Scotland & the EU Scotland's Economy ScotRef

Brexit threatens survival of many small firms, claims fine chocolates firm

Author: Angus MacRuary, owner of the Isle of Skye Chocolate Company.

At the moment we quite rightly emphasise the benefits of trading with the EU that we are about to lose; the markets, companies, organisations and individual customers we currently supply, that will be more difficult to do business with as a result of Brexit.

But what about those of us who rely on the EU for our raw materials, components, and goods for resale? Trading is always a two way street and many businesses in Scotland depend on EU suppliers for many of their inputs.

My wife and I run a small high-end chocolatiers business, which we took over in 2015 and have been gradually building since. Our market is nearly all domestic, with our customers being a mixture of tourists and locals who enjoy quality hand-made chocolates. We also sell online (in growing quantities) to the UK and abroad.

Our market demands the best quality and so we source the best quality ingredients. Although the cocoa bean is produced in many places around the world, it is in Europe, and Belgium in particular, that it is processed into the fine couverture (chocolatiers’ chocolate) that we use to produce our own hand-made chocolate products.

High quality ingredients come with a high price and so, even although we have only a fairly narrow margin, our chocolates are expensive. Thankfully, customers are willing to pay for the quality they know they will receive from us.

Our first year saw us start to build up trade. Things were looking optimistic and my wife gave up her well-paid full-time job to join me in the chocolate kitchen. We operate from home but invested in the best of equipment and converted our garage into a dedicated Chocolate Kitchen. We were committed!

And then the EU Referendum – with the result no-one expected, least of all those who gave it to us. Literally within one week of this our Belgian supplier increased its prices by 10% across the board as a result of the fall in the value of the pound against the euro. This was slap-bang in the middle of the tourist season for us and there was no way we could hit our customers with a price increase to cover this so we accepted a reduction in our already modest margin.

On 1 January 2017 we were hit with another 10% increase in our raw material prices, due to the continued slide in value of the pound. At least this time round we received fair warning from our supplier and so were able to stockpile a reasonable quantity which enabled us to hold off from increasing prices to our own customers until 1 April. To maintain our margins we would have had to increase our own prices by 21%; we settled for 10% as we felt that this was as high as we could go.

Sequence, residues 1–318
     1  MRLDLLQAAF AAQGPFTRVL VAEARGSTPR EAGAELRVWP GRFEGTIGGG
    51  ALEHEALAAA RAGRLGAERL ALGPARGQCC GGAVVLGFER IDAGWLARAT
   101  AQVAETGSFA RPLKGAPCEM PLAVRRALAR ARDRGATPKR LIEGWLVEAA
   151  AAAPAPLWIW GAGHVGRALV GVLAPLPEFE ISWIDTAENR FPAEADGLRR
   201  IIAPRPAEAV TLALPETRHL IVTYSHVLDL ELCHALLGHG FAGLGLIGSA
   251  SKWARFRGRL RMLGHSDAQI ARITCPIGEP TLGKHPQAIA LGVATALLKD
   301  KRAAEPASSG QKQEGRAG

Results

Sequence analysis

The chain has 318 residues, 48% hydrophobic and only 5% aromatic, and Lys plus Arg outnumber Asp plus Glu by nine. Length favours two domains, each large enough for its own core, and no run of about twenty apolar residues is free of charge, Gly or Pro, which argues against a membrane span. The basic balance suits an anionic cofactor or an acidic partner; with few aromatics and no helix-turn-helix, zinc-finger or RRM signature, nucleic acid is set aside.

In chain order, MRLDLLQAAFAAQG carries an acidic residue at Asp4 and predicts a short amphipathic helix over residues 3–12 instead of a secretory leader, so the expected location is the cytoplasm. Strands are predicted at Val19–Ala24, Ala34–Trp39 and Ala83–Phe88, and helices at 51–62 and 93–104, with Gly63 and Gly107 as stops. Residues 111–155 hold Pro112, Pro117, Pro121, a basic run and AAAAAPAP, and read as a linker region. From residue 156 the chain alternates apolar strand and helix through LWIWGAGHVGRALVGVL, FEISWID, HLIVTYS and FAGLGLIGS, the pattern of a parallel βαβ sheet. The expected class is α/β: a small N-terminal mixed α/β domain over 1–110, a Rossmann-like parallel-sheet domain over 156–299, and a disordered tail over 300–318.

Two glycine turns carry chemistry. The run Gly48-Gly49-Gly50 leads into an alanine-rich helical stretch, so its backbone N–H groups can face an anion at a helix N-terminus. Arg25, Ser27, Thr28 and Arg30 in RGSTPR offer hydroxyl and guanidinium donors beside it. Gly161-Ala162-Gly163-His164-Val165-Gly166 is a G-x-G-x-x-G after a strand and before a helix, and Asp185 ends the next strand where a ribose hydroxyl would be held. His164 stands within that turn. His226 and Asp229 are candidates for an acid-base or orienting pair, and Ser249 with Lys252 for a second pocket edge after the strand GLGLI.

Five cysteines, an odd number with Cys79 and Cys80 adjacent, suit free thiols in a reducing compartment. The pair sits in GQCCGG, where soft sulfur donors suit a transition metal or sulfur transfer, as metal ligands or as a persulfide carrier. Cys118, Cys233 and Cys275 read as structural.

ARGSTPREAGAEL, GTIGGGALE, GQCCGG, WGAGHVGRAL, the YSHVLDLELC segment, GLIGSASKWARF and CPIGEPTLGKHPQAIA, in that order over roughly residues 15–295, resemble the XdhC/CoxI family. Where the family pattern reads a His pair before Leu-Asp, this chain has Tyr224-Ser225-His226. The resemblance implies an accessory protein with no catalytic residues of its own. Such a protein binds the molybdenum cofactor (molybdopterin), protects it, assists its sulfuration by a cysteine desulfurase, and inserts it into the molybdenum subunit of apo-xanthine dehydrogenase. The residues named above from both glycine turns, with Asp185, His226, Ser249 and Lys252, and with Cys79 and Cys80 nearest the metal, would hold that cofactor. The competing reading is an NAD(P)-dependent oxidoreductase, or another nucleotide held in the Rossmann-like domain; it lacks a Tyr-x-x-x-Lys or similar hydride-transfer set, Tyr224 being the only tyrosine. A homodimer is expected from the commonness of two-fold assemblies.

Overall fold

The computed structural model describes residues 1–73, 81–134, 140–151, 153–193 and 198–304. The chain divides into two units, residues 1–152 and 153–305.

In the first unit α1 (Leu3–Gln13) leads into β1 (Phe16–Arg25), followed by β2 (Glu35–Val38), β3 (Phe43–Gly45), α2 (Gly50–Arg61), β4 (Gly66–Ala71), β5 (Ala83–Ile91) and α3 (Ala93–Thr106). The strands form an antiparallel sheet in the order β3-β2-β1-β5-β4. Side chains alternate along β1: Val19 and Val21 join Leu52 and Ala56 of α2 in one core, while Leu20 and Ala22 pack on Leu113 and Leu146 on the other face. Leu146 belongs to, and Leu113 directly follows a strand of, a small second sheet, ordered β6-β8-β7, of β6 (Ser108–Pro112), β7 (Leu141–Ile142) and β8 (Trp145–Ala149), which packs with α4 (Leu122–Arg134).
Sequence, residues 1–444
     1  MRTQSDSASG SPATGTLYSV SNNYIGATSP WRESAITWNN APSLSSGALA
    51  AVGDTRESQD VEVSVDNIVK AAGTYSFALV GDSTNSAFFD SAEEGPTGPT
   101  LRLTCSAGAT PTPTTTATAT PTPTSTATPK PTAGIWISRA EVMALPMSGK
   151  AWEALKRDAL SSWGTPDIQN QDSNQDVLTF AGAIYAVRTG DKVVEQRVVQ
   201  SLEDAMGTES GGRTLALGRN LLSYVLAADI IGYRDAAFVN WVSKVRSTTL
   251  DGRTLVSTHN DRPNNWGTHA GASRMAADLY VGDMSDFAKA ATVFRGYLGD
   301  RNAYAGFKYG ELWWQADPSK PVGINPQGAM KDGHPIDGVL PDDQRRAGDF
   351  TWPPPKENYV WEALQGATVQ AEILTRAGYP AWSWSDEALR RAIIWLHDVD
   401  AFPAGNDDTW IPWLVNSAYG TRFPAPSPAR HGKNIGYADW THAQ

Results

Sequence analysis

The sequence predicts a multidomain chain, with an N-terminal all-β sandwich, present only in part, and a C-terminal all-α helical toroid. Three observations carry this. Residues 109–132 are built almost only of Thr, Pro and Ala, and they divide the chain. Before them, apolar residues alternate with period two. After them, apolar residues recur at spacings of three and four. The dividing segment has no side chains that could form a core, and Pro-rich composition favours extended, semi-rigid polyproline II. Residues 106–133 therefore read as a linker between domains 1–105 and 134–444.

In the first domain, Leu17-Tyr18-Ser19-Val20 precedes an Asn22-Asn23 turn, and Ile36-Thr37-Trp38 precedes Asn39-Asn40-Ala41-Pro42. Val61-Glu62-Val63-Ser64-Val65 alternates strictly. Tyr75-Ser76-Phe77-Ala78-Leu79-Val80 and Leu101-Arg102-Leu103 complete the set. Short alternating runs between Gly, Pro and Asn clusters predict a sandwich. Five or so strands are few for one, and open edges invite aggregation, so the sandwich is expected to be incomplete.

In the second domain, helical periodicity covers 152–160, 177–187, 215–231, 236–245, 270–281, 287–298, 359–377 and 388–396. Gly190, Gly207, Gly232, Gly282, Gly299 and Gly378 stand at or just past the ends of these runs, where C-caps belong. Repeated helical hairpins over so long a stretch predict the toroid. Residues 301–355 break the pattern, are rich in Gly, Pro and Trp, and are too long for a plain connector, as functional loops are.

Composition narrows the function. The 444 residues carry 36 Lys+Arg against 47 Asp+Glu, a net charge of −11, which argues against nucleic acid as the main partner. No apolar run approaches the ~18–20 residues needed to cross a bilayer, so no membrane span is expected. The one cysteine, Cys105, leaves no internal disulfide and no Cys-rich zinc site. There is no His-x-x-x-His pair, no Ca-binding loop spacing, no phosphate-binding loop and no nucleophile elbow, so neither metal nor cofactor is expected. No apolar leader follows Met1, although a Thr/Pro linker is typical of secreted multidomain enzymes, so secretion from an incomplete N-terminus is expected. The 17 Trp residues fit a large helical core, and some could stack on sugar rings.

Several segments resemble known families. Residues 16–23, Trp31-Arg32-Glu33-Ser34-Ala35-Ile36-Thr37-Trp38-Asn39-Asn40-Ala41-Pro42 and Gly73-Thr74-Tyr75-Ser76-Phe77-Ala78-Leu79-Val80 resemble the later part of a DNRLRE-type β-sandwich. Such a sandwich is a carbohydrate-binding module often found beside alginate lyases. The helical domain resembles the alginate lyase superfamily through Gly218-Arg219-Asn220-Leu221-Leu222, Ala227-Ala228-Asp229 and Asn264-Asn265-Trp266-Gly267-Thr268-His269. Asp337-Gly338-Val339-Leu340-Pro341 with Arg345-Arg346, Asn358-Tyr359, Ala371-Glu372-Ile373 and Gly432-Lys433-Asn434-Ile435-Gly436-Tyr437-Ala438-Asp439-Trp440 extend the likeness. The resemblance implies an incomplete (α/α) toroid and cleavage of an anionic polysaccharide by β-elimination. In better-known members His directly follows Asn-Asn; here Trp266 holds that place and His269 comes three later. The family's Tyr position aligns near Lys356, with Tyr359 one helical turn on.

As the pound continues to depreciate we know that raw material prices will continue to rise and so we have to consider our future. Although consumers will pay that bit extra for our high quality products, there is a limit to this.

In 2015 we felt that we had a small business with “real potential”, so much so that in 2016 my wife joined me in it. Our optimism of even last year has faded fast and we now wonder if it will be viable for us to continue on post-brexit.

The light at the end of our tunnel – and the hope that keeps us going – is that Scotland will vote for independence, we will be able to maintain single market access remain in /rejoin the EU.

In business we can all be a bit insular and often fail to see much beyond our own narrow field of vision. I am sure that there are many more Scottish companies – larger and more important than our wee chocolatiers business – who will face the same challenges that we foresee. How many can absorb the sort of price increases in raw materials that they are likely to see? How much can be passed on to customers before they stop buying? How many jobs will be lost in cost-cutting, with associated costs to the public purse? How many will, like us, question their continued existence because of a Brexit Scotland didn’t vote for and doesn’t want?

About the author

Rhona Middler

Rhona was Business for Scotland's Engagement Executive and Events Manager.


  • There is absolutely nothing to suggest the EU are remotely interested in Scotland. It is a very small market and from an EU perspective only makes sense as part of the bigger London/ UK msrketplace.

    Having said that, you are manufacturing in a country that exports worldwide food produce of amazing provenance, recognised around the globe.

    I’m quite sure ‘Scotland Food and Drink’ can help.

    It seem to me you’ve been encouraged by this lot to make out you situation as being worse than it is or will be.

    The whole world likes quality chocolate, not just the EU.

    Beside, if your a small producer,the UK market is already huge. Go for it.

    • Apologies for such a late reply to your comment, but I have only just seen it.

      Did you actually read the article? I am not talking about seeking a market for our products; we are worried about the cost of imported raw materials, all of which come from the EU.

      Additionally, I am not some naive youngster who “this lot” has “encouraged” to see a particular view – my points are all based on actual experience (and 30 years in business and 23 years before that in business education).

      With my (very old) education hat on I’d have to fail you.

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